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Probabilities of Causation: Role of Observational Data

Ang Li · Judea Pearl

Auditorium 1 Foyer 72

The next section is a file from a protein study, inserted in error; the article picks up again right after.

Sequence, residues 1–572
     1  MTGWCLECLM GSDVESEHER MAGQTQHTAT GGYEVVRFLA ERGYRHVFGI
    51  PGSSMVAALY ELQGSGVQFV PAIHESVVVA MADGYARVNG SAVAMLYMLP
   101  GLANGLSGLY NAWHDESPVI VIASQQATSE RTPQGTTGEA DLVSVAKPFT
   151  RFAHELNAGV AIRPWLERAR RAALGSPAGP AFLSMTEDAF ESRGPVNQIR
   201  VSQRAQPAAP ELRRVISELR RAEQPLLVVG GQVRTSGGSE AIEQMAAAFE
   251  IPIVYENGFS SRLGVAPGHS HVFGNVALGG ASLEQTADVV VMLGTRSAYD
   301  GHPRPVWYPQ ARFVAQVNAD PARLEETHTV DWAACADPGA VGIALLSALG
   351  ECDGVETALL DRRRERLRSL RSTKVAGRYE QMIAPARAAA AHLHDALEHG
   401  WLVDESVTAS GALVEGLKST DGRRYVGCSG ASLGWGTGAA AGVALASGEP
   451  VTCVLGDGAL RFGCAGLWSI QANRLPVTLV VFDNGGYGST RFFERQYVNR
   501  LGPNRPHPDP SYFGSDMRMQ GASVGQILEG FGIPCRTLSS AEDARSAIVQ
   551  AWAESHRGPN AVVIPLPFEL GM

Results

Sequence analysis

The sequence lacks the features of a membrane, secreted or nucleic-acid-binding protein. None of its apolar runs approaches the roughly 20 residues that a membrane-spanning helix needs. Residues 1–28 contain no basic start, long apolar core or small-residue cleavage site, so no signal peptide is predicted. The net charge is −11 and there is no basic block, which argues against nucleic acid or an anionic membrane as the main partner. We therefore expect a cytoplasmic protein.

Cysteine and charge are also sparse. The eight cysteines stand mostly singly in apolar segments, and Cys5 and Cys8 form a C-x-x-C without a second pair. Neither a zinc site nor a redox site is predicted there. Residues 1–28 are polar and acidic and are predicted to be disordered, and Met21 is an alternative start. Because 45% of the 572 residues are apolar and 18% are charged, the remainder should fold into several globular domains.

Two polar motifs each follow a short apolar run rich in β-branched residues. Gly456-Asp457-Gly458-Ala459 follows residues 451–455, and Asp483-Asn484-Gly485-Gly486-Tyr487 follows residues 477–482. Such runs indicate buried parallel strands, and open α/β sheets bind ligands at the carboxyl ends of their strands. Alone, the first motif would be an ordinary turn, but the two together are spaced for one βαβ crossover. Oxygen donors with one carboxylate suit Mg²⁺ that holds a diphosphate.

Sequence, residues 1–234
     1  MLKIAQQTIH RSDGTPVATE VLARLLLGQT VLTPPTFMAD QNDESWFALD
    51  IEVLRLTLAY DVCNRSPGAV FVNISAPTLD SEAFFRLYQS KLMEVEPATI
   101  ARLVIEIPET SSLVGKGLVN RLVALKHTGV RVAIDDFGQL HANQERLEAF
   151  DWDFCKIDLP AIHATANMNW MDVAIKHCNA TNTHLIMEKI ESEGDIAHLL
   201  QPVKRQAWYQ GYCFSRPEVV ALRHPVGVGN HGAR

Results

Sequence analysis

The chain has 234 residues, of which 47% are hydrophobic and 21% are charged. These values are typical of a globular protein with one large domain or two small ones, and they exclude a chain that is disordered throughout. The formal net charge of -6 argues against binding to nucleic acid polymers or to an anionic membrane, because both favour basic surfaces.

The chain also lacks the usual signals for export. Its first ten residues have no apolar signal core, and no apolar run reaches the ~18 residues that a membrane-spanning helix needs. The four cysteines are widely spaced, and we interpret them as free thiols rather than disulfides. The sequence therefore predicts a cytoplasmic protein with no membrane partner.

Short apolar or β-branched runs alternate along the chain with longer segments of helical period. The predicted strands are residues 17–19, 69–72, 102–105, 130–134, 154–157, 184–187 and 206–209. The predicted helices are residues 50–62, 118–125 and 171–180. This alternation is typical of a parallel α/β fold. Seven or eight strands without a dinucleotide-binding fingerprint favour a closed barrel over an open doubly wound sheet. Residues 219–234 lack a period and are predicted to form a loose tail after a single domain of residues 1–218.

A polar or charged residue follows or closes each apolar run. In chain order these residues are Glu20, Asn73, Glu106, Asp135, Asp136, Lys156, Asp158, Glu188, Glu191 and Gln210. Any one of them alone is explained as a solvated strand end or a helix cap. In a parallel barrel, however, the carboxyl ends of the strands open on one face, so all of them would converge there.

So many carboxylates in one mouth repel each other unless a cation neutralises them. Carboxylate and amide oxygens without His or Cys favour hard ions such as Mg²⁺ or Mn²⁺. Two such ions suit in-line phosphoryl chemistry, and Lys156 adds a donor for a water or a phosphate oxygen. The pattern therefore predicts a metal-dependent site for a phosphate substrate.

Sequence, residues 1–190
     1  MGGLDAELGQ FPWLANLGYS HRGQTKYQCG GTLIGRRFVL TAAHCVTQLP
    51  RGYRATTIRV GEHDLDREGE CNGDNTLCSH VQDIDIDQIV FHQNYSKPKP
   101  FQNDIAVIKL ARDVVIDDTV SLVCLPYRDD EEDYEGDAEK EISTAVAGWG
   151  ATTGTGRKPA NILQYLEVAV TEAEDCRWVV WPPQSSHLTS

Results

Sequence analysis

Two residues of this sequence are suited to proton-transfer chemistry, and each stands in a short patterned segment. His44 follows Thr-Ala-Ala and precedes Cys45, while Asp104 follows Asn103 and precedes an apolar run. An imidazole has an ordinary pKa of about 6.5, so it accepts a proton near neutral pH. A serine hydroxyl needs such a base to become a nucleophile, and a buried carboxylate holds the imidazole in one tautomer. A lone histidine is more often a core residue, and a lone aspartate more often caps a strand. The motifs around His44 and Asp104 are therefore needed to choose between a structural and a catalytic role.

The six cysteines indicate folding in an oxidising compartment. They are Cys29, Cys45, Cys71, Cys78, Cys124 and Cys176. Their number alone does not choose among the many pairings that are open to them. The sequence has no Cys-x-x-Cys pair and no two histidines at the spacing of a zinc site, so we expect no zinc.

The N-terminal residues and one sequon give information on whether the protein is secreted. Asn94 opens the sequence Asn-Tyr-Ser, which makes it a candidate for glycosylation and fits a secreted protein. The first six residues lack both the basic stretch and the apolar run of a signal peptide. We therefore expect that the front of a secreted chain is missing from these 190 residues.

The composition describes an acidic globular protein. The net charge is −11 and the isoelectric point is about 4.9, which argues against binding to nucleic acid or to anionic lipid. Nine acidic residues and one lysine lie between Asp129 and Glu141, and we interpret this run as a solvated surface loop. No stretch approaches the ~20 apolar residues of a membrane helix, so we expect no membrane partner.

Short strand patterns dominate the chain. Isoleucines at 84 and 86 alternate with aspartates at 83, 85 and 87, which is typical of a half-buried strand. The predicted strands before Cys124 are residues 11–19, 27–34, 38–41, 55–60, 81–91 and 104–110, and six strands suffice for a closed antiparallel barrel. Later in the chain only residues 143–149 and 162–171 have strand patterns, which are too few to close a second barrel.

Probabilities of causation play a crucial role in modern decision-making. Pearl defined three binary probabilities of causation, the probability of necessity and sufficiency (PNS), the probability of sufficiency (PS), and the probability of necessity (PN). These probabilities were then bounded by Tian and Pearl using a combination of experimental and observational data. However, observational data are not always available in practice; in such a case, Tian and Pearl's Theorem provided valid but less effective bounds using pure experimental data. In this paper, we discuss the conditions that observational data are worth considering to improve the quality of the bounds. More specifically, we defined the expected improvement of the bounds by assuming the observational distributions are uniformly distributed on their feasible interval. We further applied the proposed theorems to the unit selection problem defined by Li and Pearl.

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